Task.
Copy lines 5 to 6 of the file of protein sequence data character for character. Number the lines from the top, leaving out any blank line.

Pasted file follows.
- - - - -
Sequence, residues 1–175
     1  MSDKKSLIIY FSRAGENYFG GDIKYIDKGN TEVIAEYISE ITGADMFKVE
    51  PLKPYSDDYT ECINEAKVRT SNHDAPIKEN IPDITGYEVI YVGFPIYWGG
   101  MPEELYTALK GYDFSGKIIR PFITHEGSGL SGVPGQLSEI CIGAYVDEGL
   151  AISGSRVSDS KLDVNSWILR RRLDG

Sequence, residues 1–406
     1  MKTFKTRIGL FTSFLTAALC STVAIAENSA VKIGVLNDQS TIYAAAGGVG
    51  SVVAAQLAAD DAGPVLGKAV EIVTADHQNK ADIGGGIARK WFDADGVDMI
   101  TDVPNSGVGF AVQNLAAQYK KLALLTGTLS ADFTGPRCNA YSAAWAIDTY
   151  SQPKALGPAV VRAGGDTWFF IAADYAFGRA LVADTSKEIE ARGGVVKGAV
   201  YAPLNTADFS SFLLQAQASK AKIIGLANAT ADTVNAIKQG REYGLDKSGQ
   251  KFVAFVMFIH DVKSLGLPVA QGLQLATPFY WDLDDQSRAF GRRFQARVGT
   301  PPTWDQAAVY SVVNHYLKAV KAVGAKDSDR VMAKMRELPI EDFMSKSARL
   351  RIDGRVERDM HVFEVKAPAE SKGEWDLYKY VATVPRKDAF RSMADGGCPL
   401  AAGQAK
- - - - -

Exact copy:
   151  AISGSRVSDS KLDVNSWILR RRLDG

Sequence, residues 1–406